Your website is excellent. Good luck with your writings.

  14. ingmarhek says

    This is helpful. I noticed several plot holes in novels, particularly series, and wonder if the author will address them eventually.
    I also heard authors speak live and tell the audience the fans keep them straight with long series, telling them which character is which. Some fans keep series Bibles and wikis with all the characters and relationships. Yet, most of us are not big name authors with legions of devoted fans.
    Thanks for the tips. Another excellent post, K.

    ~Ingmar Albizu

  15. Dennis Michael Montgomery says


    I wish you wrote this essay six months maybe then I’ve wouldn’t have made the mistake I’m struggling with now.

    The mistake: how am I going to end my story? I’m towards the end and I’m still uncertain if I’m going to kill off the protagonist or keep her alive.

    I have excuses for this; one: I can’t far think far enough ahead to create a story structure and when I do I end up not following or changing it. Two: I like the challenge of writing on the seat of my pants. It forces my lazy brain to think. The downside of this it can cause writers block.

    Writers’ block is bad because you become angry at yourself for not producing.

    However, I’m not going to give up on this story because I have some positives. One: I have a theme. It’s about glory. Two: I have good characters and I think that includes the protagonist (I been working to make her more than one dimensional). Although after listening to your essay I may need to define the secondary characters more. Three: I’ve put in too much work into now to quit. Four: I’m stubborn and most of the time I don’t when to quit.

    Thank you for your essay. I will copy and paste it in my writing tips.

    Bye the way, I missed you last week.

    • Staci Ana says

      Dennis, I know how you feel. I’m in the same situation with my story’s ending. I have no clue what’s going to happen. My climax has to be big and strong, more emotional than any of my other scenes. But I’ve been asking myself, how do I end the story if I seriously don’t want to kill of the antagonist? And if I don’t kill him off, how will my story be one unit if he lives on? Won’t the ending be too loose?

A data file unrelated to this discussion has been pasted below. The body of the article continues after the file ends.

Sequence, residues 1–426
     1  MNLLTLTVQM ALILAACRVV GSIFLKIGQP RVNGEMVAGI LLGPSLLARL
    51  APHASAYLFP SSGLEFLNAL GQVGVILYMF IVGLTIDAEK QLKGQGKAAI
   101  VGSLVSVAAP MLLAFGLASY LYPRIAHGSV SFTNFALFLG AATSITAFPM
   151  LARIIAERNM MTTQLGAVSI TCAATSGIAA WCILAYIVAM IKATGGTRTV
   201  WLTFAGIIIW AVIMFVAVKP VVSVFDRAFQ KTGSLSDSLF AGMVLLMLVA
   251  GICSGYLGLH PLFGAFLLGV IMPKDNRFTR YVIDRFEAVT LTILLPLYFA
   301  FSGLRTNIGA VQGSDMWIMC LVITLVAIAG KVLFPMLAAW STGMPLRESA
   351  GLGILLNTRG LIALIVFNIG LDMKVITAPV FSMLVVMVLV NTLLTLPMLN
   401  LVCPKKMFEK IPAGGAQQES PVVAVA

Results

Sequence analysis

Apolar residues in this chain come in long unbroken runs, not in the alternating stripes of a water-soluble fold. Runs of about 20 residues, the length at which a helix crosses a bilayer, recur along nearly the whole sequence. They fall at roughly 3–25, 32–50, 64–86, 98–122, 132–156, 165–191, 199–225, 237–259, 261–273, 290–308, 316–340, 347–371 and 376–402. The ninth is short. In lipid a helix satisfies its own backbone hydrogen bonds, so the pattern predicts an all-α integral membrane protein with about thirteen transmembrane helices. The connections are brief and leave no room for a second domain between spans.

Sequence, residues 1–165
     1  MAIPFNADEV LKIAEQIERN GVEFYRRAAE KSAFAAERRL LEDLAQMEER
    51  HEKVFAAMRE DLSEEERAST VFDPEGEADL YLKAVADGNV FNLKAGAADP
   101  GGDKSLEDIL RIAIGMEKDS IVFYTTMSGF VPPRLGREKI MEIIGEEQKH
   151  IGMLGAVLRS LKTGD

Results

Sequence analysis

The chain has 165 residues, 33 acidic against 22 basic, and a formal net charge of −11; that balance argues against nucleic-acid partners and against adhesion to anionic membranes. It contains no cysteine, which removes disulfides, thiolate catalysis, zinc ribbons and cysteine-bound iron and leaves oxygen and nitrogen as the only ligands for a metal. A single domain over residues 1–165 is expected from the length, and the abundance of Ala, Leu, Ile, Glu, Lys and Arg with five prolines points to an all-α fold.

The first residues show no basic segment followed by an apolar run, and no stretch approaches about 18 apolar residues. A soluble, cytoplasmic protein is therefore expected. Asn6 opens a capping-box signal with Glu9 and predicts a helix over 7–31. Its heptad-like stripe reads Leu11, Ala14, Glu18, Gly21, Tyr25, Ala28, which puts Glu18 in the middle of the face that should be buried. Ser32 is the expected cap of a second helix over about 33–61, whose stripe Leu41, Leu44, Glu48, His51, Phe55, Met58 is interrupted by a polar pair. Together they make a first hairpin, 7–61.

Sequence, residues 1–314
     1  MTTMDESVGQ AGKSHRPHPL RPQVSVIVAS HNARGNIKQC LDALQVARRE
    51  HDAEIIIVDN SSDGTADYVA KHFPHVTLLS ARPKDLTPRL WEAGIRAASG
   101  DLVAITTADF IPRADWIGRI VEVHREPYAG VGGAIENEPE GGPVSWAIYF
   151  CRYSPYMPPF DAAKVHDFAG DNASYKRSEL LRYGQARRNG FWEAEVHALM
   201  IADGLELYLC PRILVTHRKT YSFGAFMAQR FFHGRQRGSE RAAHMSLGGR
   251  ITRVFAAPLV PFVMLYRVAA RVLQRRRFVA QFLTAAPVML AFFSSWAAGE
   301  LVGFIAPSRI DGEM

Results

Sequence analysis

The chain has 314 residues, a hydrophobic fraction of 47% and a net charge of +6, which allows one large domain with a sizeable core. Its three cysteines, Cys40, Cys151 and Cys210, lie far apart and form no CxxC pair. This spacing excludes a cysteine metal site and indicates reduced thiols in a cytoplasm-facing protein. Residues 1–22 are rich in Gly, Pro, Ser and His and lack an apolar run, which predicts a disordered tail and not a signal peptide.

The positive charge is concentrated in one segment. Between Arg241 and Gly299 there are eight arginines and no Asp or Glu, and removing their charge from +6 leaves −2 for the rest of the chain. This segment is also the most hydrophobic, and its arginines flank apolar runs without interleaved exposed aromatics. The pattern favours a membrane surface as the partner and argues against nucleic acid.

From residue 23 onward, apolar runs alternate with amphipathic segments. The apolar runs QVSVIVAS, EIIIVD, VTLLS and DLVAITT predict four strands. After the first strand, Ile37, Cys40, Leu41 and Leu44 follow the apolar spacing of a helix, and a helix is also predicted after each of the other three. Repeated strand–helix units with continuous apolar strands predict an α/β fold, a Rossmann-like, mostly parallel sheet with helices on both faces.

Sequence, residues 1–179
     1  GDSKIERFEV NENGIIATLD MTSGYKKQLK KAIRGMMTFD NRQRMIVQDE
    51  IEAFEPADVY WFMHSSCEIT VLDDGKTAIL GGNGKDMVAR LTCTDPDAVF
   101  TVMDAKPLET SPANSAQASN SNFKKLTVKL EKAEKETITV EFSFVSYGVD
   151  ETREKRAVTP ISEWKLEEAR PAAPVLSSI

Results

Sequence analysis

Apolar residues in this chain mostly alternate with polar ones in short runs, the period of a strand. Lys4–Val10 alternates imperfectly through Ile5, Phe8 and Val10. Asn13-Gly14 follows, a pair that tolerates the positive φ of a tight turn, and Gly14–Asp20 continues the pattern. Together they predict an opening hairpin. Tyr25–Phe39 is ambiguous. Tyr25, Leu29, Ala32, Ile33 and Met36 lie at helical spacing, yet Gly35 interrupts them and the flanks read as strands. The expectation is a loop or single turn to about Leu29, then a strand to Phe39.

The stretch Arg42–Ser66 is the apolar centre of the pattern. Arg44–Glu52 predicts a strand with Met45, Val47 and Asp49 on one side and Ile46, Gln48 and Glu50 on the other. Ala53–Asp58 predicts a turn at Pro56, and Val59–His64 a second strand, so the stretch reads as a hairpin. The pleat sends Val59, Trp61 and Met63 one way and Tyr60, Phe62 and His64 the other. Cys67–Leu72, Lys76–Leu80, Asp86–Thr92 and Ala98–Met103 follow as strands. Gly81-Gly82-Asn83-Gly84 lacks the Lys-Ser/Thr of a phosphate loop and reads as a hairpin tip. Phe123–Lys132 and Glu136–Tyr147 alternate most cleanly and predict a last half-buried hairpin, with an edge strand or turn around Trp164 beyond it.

These sort of questions always help me figure things out. I’d suggest writing as many possibilities as you like and then choosing which one feels right for the story. What I do is open a Word document and type “BRAINSTORMING CLIMAX” at the top. Then start asking questions and answering them. It’s actually my favorite part of writing.

      The possibilities really are endless when it comes to writing your ending!

      • Dennis Michael Montgomery says

        It’s nice and sad at the same time to know that someone else is having the same problem as me.

        What questions would you suggest?

    • K.M. Weiland | @KMWeiland says

      I hear you. I wish I’d written it a couple years ago for myself. :p I’m in the midst of turning a long-published standalone fantasy novel into an unplanned trilogy. I wrote the second book with only a vague outline for the third. I *thought* I knew how it would end, but it turned out to be far too general a “hurrah-hurrah-and-the-good-guys-win-the-final-battle” kind of an idea. The mechanics were far too vague, and I ended up writing myself into all kinds of troubles.

  16. All of this advice not only helps with plot holes, it helps to deliver a fuller and richer story. Sharing your stories with good set of beta readers and/or a supportive writing community. All of this makes writing a more rewarding experience.

  17. “The ending is the beginning”. I’ve had the ending since the beginning! And I had my beginning. At least, I thought I did. Now I understand why it was so flat, and so hard to move on from. As so often, you’ve given me a bright flash, thank you. I can’t stick your books up on my wall, but I can stick these little gems right where I can see them when I sit down to write.

  18. Wish they had taken this advice when making the latest star wars trilogy with ray!

  19. Scott McGlasson says

    “(Jack dying in the Atlantic, anyone?)”

    Exactly this. Everyone knows he died in The New Yorker.